Joseph, who lives on the edge of Kampala, Uganda’s capital, is a thoughtful, well-read man who has spent his whole life in the deeply conservative country. But he said he’s never seen the kind of anti-gay frenzy that’s taking place now. Last week a magistrate ordered two teachers suspected of promoting lesbianism to be held behind bars, saying he feared for their lives if they were released.
And in a country where the per capita gross income is just $800 a year, Joseph worries many people will be only too willing to turn in their neighbors if the bounty is right.
“The danger is not actually the people, it’s the gay people collaborating with hungry policemen for money,” he said. “People being gay does not mean you can trust them.” If someone could make money via blackmail, he said, they probably go ahead with it.
Although the bill hasn’t been signed into law, it is already having an effect, Van Klinken said. Landlords are kicking out tenants they know to be gay. Several LGBTQ organizations, he said, have had their bank accounts frozen.
“If the law is signed, the discrimination will lead to many diverse consequences for my financial, mental and physical well-being,” said a 20-something insurance company employee who gave his name as Clifford. “The law incites people against each other.”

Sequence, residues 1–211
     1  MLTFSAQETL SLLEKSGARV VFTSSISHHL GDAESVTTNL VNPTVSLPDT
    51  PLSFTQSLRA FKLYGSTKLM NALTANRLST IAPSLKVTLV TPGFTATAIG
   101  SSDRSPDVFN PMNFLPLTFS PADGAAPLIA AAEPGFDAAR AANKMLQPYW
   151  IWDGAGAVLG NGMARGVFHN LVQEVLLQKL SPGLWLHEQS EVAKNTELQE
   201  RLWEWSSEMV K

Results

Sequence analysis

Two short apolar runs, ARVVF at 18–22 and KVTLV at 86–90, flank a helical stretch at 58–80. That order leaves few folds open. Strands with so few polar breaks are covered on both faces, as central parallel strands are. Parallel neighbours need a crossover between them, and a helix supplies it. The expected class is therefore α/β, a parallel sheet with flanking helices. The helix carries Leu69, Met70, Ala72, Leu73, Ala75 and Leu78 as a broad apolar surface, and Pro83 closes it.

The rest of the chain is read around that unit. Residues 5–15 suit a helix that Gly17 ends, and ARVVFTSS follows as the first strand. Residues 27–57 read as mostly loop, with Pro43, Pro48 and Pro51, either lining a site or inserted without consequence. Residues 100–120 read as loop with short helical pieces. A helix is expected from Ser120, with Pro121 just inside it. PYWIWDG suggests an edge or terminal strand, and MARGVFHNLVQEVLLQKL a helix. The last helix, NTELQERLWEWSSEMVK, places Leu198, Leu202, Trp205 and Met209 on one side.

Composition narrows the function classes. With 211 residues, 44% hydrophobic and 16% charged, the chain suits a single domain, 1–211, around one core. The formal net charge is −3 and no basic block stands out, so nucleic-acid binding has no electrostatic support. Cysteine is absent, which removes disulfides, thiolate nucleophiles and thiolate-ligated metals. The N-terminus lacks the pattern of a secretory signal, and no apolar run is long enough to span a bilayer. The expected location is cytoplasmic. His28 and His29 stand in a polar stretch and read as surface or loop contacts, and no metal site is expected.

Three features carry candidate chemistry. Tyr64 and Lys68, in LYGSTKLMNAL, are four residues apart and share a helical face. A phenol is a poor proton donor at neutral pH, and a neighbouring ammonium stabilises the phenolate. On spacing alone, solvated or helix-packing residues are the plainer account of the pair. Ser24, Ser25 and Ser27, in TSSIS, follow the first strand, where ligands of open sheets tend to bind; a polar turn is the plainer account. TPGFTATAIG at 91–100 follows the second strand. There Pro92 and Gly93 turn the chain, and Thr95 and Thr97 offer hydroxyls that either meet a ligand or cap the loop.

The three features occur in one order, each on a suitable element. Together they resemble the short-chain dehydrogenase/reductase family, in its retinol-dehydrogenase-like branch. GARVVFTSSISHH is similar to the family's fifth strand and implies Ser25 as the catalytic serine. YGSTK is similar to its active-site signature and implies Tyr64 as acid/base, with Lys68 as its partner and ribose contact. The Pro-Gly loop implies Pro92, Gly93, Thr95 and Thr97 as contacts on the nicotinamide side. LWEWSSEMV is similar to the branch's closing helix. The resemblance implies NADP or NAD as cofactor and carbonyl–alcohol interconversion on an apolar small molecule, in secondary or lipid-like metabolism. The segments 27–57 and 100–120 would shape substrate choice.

Lunching on a sandwich, he added: “You have to be keen to what you’re putting on. Is it something related to the rainbow?”
And what if you leave your cellphone unattended and someone scrolls through the photos?
“You’re fearing for your life,” Clifford continued. “You will be discriminated against.”
Because of that, Clifford, who is college-educated, is among a growing number of LGBTQ people with degrees who are considering leaving Uganda. International investment could also be blunted since companies would run the risk of having their employees jailed — or worse — if they visited Uganda.
“That’s my dream. Go to a place where I can live my life. Because here you have to live being afraid,” Clifford said in a low whisper.
“It’s dangerous. When you’re here, you have to keep shielding yourself.”
Others don’t want to leave – but aren’t sure they can stay, either.
“It’s literally we need to sell our homes. And where do we go?” Joseph said. “We want to be in the jungle, not be shepherded overseas.
“We want to be here.”